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WATCH: ‘Tea’ cheers for Lisavaird pupils

March 27th, 2024 6:00 PM

By Emma Connolly

Mia Kwoka and Ethel Hayes, pupils from Lisavaird NS, Clonakilty at the ESB Science Blast, the RDS Foundation’s flagship Science and Technology Programme. Their project investigated the science behind the question ‘When making tea, why do we scald the pot?’. Photo: Orla Murray/Coalesce)

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WHY do we scald the pot when we’re making tea?

That’s the question that two sixth-class pupils in Lisavaird National School set about answering and which earned them a coveted place at the ESB Science Blast, the RDS Foundation’s flagship science and technology programme in the RDS, Dublin earlier this month.

Mia Kwoka and Ethel Hayes, both aged 12, conducted a survey and found that 58.7% of people scald the pot to keep tea warm for longer, while 20.6% do it to give it a higher temperature.

‘We put it to the test, and found that scalding the pot will make your tea between three to four degrees hotter, but a scalded pot will lose its heat just as fast as a non-scalded one,’ said Mia.

Their next test was to find out how to keep tea hotter for longer, and maximise the efficiency of an insulated cup by minimising heat loss.

They tested eight combinations of insulation on the bottom, top and side of a cup.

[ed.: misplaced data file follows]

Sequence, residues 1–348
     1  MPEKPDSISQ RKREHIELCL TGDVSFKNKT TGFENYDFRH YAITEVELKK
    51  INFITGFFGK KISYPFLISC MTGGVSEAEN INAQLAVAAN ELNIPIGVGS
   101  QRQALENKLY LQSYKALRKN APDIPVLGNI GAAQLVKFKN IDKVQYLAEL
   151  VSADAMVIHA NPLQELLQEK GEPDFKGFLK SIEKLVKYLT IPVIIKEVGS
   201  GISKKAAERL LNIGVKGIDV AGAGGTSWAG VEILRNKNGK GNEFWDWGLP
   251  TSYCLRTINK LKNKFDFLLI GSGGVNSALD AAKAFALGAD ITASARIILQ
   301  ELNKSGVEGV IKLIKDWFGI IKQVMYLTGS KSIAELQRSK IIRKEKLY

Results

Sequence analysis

‘We concluded that while insulating the top of the cup is most efficient of the three, a fully insulated cup dramatically reduced heat loss with the tea only losing 8% of its heat over 10 minutes compared to 26% of heat loss in an uninsulated cup,’ said Ethel.

Ireland is the second largest tea consumer of tea in the world, and both Ethel and Mia are tea drinkers themselves. Interestingly, Ethel’s household scalds the pot, but Mia’s doesn’t!

The pupils, helped by their teacher Gerard O’Donovan, took their idea to another level by working with Leaving Cert construction students from Clonakilty Community College.

‘We found that insulating houses is like insulating water,’ said Mia.

They learned that maximising insulation in floors and walls can result in a passive house, which requires little to no heating, which means less use of fossil fuels, energy savings, and a positive impact on the climate.

All pupils at Lisavaird NS raised a cup of tea to toast Mia and Ethel’s success at the event!

Lisavaird NS was one of only four schools from Cork showcased at the ESB Science Blast, a Stem-focused educational programme involving whole classes investigating the science behind simple questions.

The judging was non-competitive and aimed at growing pupils’ interest and passion for Stem.

Over 55,000 children have participated in ESB Science Blast to date, making it the largest primary school programme on the island of Ireland, and one of the largest programmes of its kind in Europe.

‘Through the programme, children of all backgrounds and abilities are developing life skills that will help them to become innovative and creative problem solvers, as well as active, informed and engaged citizens.

I always look forward to seeing the energy, the excitement, and the celebration of curiosity at ESB Science Blast,’ said Paddy Hayes, chief executive of ESB.

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